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Re: Re Evolution

Sep 11, 1995 02:54 PM
by Richtay


If I remember your question correctly, you doubted BOTH that Tibetan
Buddhists believed in "higher" manvantaras in the future, as well as the idea
that there is a monad.

You mentioned that they "don't even believe in a monad, Rich." I happened to
have no cosmological sutras/tantras near me at the time, (I still don't) and
so I merely answered the monadic part of your question, namely that the
Buddhists do not merely hold to the theory of 5 skandhas, but also (in
Mahayana and Vajrayana) teach a pure, "unstained" (amala) essence of clear
light, or "original mind" that reigns above any and all incarnations and
manifestations as our true "essence." This is VERY much like HPB's "atma"
(or Greek "monad") even though "atma" is a Hindu term, used to great effect
by Shankaracharya in his Bhasya (commentary) on the Bhagavad-Gita.

You mention that "Where Buddhism and theosophy part
company is the theosophical teaching about all of the other
monads - the human monad, the animal monad, and so on."

I am not aware that HPB teaches anything other than THE monad, meaning
usually Atma-buddhi as the imperishable individuality throughout the
manvantara. That monad may be experiencing embodied life through the vehicle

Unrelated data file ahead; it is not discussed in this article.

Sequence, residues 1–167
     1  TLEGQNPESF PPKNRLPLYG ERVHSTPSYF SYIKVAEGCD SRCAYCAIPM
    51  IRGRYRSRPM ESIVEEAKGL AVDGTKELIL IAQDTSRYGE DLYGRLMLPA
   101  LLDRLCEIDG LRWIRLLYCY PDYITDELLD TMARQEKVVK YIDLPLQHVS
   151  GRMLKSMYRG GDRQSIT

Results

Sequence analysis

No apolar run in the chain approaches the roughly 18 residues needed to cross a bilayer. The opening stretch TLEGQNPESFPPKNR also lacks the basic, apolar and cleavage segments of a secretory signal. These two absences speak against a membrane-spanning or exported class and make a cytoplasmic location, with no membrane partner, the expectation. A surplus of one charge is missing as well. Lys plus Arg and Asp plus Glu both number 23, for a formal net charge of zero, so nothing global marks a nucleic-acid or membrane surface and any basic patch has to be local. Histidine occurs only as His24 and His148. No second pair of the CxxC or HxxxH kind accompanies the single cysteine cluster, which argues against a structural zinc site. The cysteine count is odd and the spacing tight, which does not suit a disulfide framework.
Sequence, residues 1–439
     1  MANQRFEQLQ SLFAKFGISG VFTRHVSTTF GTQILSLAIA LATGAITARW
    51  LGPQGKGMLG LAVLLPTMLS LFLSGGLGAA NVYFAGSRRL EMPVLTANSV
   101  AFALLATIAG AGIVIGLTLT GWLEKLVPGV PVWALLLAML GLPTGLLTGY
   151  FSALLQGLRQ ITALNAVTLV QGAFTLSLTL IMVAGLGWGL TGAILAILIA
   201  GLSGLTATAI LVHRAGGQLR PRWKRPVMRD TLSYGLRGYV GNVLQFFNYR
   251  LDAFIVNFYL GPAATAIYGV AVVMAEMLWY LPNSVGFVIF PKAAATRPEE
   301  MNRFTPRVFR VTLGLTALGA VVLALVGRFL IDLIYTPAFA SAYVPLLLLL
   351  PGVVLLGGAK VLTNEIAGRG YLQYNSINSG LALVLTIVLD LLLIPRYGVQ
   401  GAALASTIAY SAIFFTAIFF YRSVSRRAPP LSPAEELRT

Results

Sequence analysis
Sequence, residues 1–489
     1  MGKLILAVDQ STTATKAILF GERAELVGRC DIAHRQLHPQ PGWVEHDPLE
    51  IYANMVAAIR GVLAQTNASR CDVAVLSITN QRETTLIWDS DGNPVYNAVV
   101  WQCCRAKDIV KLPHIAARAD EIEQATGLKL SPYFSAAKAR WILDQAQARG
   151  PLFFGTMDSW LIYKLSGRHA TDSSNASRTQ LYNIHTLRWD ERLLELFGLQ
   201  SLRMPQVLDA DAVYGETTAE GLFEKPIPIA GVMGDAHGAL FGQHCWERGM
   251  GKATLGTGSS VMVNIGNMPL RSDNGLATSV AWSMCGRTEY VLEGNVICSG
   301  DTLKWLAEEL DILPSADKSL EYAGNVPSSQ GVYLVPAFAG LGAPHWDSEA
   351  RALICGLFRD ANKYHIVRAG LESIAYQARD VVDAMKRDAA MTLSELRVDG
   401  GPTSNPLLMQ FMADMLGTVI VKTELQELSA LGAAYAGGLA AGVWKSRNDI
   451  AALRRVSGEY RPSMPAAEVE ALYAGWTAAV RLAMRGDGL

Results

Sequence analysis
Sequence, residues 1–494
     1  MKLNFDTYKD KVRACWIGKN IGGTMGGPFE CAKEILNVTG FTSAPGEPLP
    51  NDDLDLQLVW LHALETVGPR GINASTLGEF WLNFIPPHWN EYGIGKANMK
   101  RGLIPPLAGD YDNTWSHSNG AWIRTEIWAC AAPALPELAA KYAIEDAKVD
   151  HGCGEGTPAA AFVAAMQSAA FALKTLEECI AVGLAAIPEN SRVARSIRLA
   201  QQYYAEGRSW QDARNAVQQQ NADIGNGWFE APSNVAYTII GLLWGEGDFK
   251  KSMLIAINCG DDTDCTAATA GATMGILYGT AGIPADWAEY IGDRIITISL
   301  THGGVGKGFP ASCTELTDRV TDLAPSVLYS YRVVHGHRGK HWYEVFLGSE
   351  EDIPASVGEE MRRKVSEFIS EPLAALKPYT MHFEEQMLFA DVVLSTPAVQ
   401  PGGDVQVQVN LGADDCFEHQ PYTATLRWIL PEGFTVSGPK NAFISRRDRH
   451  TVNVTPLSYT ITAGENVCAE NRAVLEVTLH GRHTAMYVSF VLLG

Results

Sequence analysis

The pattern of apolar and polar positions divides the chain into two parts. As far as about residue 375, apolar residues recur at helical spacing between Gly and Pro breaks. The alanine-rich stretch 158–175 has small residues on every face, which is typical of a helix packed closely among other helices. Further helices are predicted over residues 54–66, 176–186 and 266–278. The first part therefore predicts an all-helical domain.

of a human, an animal, a vegetable, etc. but it is the SAME monad throughout.
They are not different monads, just experiencing different kinds of

I have occasionally seen HPB use the term "astral monad," meaning I think
that lower manasic seat of the personality, which forms a "unity" (monad) for
one lifetime only. It is not THE monad of the Secret Doctrine.

I believe the teachings regarding different "human monads" "animal monads"
etc. are from later, secondary sources, including Besant and Leadbeater, and
I do not defend them. They may contradict Buddhist teachings if in fact
they teach the permanence of anything other than consciousness, but it is not
clear exactly what "human monad" might mean except in HPB's definition.
 Perhaps you can enlighten me.

As for manvantaras, the Buddhists rarely give public consideration to
cosmology whatsoever, and prefer instead to focus on practical instructions
for liberation. Cosmological studies appear to be reserved for the VERY
elite. Many of the tantras with their esoteric explanations have not come to
light in the West yet, and I fear we do not have access yet to extremeley
critical texts. However, the law of correspondence, which the Tibetan
Buddhists and most other mystics accept, would strongly imply a universal
evolution towards the absolute as well as a personal one. I haven't come
across a quote recently, but if I do, be sure I will surrender it to the

If you prefer to analyze HPB's teaching of evolution proceeding through each
manvantara through a modern, Western psychological model -- a need for the
ego to feel some meaning in life -- so be it. I can only say that HPB had a
very profound knowledge of inner Buddhist teachings well over a century
before they even became known to Western Buddhologists in the West.

If you think she has made a critical error, okay. I suspect that, as in many
other things, she had an "inside track" and worked with "Those Who Know."
 I'm aware that many do not share with me that devotion to one's guru
(guru-yoga) that I have for Blavatsky and her Master, and that is part of
what makes Theosophy a great tradition -- we are free to think for ourselves.


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